Iran: Economic problems have driven the society to the verge of explosion

Analyzing by PMOI/MEK

Iran, March 12, 2021—The skyrocketing prices of basic goods and the consequences they can have on the lives of the people and their social implications can entail has become the subject of heated debates among Iranian regime officials and state-run media.

On March 11, Tasnim News Agency, run by the Revolutionary Guards (IRGC), quoted interior minister Abdolreza Rahmani Fazli as saying, “High prices has caused many problems for the people.”

Majlis (parliament) speaker Mohammad Bagher Ghalibaf also acknowledged the “instability of prices” and expensiveness of basic goods such as poultry and made hollow promises of controlling prices in the coming year on March 10.

A few weeks earlier, Ali Hosseini Ashkouri, member of the Assembly of Experts, said on national television, “The people are in a difficult situation. This unbridled rise in prices is no joke. What is the reason?”

In such circumstances, as is his wont, regime president Hassan Rouhani, shrugged off any blame for the situation and said on March 9: “The high price of some goods is the result of vast sanctions.”

Meanwhile, other regime authorities are admitting that the real reason behind the country’s deep economic grievances is the regime’s own destructive policies.

Mohsen Rezaii, the head of the Expediency Council, said on March 6: “The economic mismanagement of the country must end. Since 2013 [the beginning of Rouhani’s presidency] until now, the people’s purchase power has decreased considerably. An important part of the problems is not due to sanctions but are due to management issues. Negligence has resulted in the devaluation of the country’s currency against foreign currencies. And you can see the conditions of the stock market. Economic managers claims that the people’s lives are spinning just as the centrifuges are. Hearing such things in these conditions is very disturbing.”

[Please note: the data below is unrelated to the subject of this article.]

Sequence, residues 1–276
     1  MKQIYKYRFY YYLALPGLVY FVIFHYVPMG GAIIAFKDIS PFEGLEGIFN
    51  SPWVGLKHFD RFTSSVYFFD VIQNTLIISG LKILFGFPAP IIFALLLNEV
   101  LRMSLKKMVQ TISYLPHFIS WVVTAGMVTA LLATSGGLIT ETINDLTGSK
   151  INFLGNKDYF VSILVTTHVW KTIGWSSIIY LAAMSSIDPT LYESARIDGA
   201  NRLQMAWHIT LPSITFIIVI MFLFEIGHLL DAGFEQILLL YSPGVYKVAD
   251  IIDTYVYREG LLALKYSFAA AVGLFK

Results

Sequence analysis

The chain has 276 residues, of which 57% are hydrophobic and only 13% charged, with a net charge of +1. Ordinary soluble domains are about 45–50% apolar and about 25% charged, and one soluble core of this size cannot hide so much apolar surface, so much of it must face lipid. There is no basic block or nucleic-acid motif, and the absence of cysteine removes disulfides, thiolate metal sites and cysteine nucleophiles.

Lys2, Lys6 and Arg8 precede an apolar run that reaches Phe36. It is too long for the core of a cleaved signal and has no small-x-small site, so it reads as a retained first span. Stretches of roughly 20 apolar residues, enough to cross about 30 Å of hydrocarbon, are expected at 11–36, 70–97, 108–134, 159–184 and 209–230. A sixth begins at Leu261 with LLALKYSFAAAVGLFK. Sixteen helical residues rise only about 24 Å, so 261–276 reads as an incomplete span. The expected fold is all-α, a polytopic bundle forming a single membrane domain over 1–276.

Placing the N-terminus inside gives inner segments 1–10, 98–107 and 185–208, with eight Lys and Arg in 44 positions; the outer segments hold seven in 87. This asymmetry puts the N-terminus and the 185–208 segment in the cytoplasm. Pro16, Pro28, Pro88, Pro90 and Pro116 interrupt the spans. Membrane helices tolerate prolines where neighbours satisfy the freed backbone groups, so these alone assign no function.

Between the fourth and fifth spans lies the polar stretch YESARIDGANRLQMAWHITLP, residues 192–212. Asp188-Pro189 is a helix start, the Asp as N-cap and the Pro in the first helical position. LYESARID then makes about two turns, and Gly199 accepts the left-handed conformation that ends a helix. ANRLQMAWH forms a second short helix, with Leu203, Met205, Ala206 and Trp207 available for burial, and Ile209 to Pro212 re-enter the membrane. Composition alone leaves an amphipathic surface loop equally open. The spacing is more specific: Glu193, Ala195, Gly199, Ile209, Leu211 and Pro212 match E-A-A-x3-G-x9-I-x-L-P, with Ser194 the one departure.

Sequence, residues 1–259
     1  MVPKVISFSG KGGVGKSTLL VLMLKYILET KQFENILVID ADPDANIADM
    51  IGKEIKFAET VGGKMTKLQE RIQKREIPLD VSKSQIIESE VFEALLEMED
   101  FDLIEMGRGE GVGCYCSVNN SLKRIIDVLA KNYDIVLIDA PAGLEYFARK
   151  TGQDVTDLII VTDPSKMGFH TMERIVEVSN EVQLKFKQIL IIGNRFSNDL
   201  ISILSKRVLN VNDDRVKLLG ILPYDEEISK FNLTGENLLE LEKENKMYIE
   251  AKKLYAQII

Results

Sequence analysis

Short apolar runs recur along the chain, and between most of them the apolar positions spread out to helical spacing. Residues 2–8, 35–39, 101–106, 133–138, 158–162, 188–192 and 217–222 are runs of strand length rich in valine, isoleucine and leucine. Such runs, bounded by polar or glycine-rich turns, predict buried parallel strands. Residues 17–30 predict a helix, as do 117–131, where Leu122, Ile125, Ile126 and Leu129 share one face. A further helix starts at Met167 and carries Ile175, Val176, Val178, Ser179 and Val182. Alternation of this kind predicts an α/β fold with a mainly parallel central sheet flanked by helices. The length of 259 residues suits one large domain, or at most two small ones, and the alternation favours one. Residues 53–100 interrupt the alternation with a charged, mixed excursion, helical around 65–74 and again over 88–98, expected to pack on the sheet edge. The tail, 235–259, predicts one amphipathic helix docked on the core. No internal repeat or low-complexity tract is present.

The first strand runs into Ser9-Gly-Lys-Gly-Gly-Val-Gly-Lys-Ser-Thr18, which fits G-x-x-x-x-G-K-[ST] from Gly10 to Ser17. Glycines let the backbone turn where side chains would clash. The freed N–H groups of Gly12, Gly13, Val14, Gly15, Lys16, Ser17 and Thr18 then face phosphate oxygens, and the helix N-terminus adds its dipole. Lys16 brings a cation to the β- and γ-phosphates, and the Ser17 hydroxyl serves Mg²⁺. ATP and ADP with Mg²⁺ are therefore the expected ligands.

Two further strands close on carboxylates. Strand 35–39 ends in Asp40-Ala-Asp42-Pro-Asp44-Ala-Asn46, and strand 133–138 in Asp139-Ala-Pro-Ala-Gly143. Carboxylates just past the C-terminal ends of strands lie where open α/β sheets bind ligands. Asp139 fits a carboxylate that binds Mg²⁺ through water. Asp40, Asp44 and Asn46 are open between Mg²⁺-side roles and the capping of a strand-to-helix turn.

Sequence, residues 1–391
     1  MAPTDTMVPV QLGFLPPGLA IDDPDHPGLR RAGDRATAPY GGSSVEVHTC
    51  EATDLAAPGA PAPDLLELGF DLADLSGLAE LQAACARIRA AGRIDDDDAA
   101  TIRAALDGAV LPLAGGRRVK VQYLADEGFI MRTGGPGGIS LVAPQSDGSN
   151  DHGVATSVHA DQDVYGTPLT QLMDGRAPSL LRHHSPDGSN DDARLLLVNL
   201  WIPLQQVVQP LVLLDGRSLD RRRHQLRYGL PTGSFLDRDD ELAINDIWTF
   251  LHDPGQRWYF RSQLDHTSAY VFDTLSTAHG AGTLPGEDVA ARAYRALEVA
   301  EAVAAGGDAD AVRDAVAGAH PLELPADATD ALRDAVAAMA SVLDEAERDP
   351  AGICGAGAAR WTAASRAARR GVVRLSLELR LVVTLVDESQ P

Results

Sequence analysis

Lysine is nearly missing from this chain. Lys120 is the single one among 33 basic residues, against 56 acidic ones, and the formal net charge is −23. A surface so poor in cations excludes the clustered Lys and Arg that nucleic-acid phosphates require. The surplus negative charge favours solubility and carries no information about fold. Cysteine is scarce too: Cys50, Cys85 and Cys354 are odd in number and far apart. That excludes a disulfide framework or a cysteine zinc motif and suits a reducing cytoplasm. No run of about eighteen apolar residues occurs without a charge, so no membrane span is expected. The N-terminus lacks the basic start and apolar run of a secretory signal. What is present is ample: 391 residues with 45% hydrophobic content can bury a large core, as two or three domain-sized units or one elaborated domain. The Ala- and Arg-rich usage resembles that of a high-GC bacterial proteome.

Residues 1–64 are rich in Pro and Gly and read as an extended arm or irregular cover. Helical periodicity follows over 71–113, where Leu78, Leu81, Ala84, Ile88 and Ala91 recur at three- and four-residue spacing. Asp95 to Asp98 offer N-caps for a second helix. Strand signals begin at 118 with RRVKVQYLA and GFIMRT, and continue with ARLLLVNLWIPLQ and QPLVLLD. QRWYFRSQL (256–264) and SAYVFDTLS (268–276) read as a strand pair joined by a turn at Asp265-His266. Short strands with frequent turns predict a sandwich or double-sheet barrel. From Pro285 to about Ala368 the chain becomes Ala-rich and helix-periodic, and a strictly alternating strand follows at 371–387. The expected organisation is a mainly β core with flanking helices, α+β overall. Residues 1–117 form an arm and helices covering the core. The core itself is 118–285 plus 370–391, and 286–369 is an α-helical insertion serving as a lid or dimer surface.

Ahmad Alamolhoda, the Friday prayer leader of Mashhad, also admitted that people’s lives have been badly hit by economic woes and said on March 11: “Today, we have many livelihood and economic problems. The issue of high prices has reached a point that [Khamenei] has raised concern about it. Are these problems because of U.S. sanctions? Sanctions might have an effect, but our problems are not because of them. Our social problems today are mostly due to the fact that the people who are running the country are not committed to jihad. If they were committed to jihad, we wouldn’t have had any of these problems.”

The expansion of poverty has resulted in meat disappearing from the tables of the country’s impoverished segments, and the middle class have considerably reduced their meat consumption. According to the Majlis research center, in 2019, the meat consumption of the middle class was 30 percent lower in comparison to 2016, the state-run ILNA news agency reported in November 2020.

While vital items such as meat, dairy product, poultry, and eggs disappear from the people’s tables, the tables of the ruling class continue to become more colorful and rich by the day.

On March 4, Aftab-e Yazd daily wrote, “The unfair distribution of wealth has not only resulted in the decline of comfort in the lives of a part of the society, but it has also affected other personal and social aspects of their lives.”

Aftab-e Yazd further elaborates: “When a worker can’t pay the basic expenses of living for his family, how is he expected not to suffer from negative consequences.”

Earlier, MP Mohammad Mehdi Farvardin had acknowledged during a Majlis session: “In addition to the coronavirus, we are seeing a much worse virus in high prices, discrimination, unbridled inflation, and the depreciation of the national currency, which has caused problems in the lives of the people and has targeted their spirit and sanity.”

The reality is that, as the regime’s officials directly and implicitly acknowledge, Iran’s economic problems is the result of the corrupt functions of four decades of rule of the mullahs. The people are fed up, and as we’ve seen in the past months, despite the heavy repression, despite the threat of the coronavirus, and despite many other problems, they have taken to the streets to protest the injustice, corruption, and tyranny of the ruling regime. They are fed up, they have nothing to lose, and they know that things can’t get any better while the mullahs are still in power.

As the Resalat newspaper warned on March 2, “One of the signs that the people’s survival is threatened is rage.”

And as a columnist for the state-run Jahan-e Sanat warned, the people’s rage is a “ticking time bomb” that will sometime burst and leave no sign of the rule of the mullahs.

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